Good Day All, To begin with, in my article I was relating *my*
experiences and comments from *my* customers in answer to a question
asking for *my* recommendations. Sorry if I ruffled any feathers.
Larry said, "I think Yamaha will be support the piano as long as it
continues to be a good seller for them." That's one of my strongest
points against electronic player mechanisms. When it's no longer
profitable, they (being the manufacturers of any of the electronic piano
playing mechanisms) quietly close shop.
I would enjoy hearing more supportive information concerning the repair-
ability and longevity of electronic players from other technicians who are
directly involved in the repair trade.
In Larry's retort, I was quoted as having said:
>> Every single customer that has an electronic player mechanism is dis-
>> satisfied. They were happy for a few years until the system started
>> developing 'minor' problems that were, in some cases, virtually
>> impossible to repair.
To wit he responded:
> I have to dispute this point. Where did you get your data? I've talked
> to people who have owned Disklaviers for over eight years and they're
> happy with them. Are you saying that the old player systems do not
> develop any minor problems? It seems to be that I read about adjusting
> "minor" problems all the time on this list.
Clearly, this was taken out of context. First off, the MMD editors
changed the paragraph structure of my article. In the copy I presented
to them, the paragraph read:
> As an ex-electronics technician trained in the calibration and repair of
> electronic testing equipment, I realized early on how futile it would be
> to invest in technology that has no clear cut direction. Even the format
> keeps changing. Seeing the picture from the customers point of view, I
> can tell you this for certain. Every single customer that has an
> electronic player mechanism is dissatisfied. They were happy for a
> few years until the system started developing 'minor' problems that were,
> in some cases, virtually impossible to repair.
The dissatisfaction and the data comes from my customers.
As for Yamaha, the information came from the Freehold Music Co., in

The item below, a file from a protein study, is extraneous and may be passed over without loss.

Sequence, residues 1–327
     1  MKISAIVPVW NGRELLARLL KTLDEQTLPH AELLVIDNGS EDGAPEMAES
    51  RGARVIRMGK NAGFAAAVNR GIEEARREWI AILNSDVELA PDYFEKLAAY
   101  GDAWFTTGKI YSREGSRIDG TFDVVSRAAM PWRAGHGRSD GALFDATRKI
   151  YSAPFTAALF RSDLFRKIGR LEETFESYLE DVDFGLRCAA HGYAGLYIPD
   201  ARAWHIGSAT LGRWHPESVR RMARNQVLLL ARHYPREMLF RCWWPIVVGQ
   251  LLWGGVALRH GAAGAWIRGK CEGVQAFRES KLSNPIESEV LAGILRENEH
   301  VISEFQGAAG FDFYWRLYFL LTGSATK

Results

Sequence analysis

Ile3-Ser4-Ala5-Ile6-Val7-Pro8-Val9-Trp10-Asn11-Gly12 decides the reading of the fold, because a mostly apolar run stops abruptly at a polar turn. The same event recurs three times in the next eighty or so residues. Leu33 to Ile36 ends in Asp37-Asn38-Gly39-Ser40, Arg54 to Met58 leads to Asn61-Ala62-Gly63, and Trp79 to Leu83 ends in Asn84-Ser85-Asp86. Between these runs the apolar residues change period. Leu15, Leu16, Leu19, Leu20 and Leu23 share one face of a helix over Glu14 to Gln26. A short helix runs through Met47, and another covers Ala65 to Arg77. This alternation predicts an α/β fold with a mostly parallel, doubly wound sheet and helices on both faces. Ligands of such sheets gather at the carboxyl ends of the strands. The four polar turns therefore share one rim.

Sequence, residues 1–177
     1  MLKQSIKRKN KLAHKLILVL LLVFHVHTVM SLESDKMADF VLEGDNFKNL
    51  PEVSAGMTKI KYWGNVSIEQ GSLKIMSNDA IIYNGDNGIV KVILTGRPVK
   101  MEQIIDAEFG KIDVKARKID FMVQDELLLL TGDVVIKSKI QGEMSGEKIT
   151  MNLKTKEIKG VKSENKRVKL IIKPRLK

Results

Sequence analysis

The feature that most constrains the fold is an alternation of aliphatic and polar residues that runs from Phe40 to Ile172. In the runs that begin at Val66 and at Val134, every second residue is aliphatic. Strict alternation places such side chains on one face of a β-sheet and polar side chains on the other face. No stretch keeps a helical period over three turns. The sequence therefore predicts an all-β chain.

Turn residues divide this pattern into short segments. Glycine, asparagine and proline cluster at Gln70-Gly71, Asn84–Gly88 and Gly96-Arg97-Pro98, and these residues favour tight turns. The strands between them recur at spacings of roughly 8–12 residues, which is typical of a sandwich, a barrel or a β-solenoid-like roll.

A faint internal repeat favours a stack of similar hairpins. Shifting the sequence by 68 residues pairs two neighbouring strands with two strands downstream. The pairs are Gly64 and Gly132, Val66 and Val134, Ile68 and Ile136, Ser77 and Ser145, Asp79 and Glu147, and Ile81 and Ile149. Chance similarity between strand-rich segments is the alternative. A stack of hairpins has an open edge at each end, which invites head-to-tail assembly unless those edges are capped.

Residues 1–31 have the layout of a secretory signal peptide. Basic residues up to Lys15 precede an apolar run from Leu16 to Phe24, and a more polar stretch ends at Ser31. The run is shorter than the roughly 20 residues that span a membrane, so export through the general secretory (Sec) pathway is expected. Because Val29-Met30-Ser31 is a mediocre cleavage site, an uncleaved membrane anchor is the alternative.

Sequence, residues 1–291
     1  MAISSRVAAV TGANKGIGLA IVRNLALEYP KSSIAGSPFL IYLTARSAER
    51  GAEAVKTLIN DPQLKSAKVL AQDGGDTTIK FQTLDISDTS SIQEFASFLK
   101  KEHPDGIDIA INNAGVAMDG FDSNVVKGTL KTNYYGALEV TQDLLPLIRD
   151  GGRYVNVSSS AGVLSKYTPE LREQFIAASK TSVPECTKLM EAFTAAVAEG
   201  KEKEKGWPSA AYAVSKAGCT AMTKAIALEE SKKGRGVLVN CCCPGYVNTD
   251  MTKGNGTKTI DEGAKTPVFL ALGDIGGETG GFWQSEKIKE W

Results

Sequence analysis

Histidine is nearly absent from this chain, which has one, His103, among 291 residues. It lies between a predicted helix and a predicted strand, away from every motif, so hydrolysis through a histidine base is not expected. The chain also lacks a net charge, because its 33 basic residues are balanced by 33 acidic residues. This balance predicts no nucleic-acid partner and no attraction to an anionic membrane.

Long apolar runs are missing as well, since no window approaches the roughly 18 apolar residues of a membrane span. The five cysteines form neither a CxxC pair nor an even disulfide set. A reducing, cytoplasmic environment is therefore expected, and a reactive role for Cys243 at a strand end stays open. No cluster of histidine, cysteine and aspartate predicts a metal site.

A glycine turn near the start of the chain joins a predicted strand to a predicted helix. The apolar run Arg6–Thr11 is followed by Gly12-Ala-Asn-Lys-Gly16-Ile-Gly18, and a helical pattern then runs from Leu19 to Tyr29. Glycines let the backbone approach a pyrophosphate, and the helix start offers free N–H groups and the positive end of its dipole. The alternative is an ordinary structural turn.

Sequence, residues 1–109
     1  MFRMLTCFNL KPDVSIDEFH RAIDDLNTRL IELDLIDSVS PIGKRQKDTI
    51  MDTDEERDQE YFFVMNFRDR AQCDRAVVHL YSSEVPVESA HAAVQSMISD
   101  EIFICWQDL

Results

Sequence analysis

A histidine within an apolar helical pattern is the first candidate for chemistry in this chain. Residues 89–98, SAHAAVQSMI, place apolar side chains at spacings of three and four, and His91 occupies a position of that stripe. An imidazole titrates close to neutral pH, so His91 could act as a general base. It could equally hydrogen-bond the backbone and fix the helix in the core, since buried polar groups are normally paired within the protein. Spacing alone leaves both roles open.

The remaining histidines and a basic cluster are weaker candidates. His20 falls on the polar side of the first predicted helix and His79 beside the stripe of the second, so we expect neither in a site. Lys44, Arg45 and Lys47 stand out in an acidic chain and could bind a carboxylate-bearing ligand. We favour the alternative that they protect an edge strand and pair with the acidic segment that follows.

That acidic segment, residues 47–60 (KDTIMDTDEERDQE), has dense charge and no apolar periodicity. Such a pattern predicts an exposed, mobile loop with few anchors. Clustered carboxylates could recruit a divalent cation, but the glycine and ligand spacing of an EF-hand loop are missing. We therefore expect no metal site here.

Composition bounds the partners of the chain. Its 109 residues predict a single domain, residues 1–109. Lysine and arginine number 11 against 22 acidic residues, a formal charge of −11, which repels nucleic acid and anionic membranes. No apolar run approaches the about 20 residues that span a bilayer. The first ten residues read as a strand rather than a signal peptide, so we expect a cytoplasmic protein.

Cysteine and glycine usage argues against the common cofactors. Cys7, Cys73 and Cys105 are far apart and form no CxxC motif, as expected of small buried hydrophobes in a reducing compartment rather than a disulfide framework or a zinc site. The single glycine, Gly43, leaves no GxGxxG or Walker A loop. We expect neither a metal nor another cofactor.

Freehold, New Jersey. When I asked to see the guarantee/warrantee,
I was not surprised to see that it was good for two years. When
questioned about that, I was told that Yamaha had told them they would
support the system for twenty years. So I stand corrected for having
said the information came from Yamaha. Maybe the folks at Freehold were
just making it up. And as for Yamaha's willingness to cooperate in
making repairs, I've never had a problem getting any electronic unit
repaired as long as the company was in business. Specific repairs have
included overheated parts and malfunctioning switch contacts.
It's very interesting to note that the responses to my article were
primarily in defense of Yamaha. No one came to the defense of Marantz,
Wurlitzer, Pianomation or Pianocorder. I think this very clearly
demonstrates the point of my article which was that nobody can say for
sure that any electronics company will be in business twenty years from
Further, as the technology improves, the older mechanisms will become
harder and harder to support. That has been the track record for
electronic players ever since I've been in the player repair business.
I don't like having to tell people, "Sorry, it can't be repaired, no one
has the parts."
I suppose I could go out and buy up all the old broken electronic units I
can lay my hands on in the hopes that I'll be capable of fixing any
problem that I encounter, but in my business electronic players account
for less than 2% of my customer base so it's economically unreasonable.
Also, it is my impression from dealers I've spoken to over the years that
the 'player' industry accounts for less than 5% of the piano industry and
that the piano industry, in general, is in decline.
As a side note, I have spoken to a few of the owners of electronic repair
shops in my local area armed with schematics and questions. They're
attitude is always the same. "Electronic Player Pianos? We won't touch
them! Don't want to get involved!"
By the way, I love MIDI music and utilize it in many of my web pages. I
also do most of my composing using a MIDI capable keyboard. However, just
keeping fairly close to edge of MIDI technology cost me about $1000 in
computer upgrades and programs last year.
Also, my prices have been fairly well explained in previous articles to
Musically, John A. Tuttle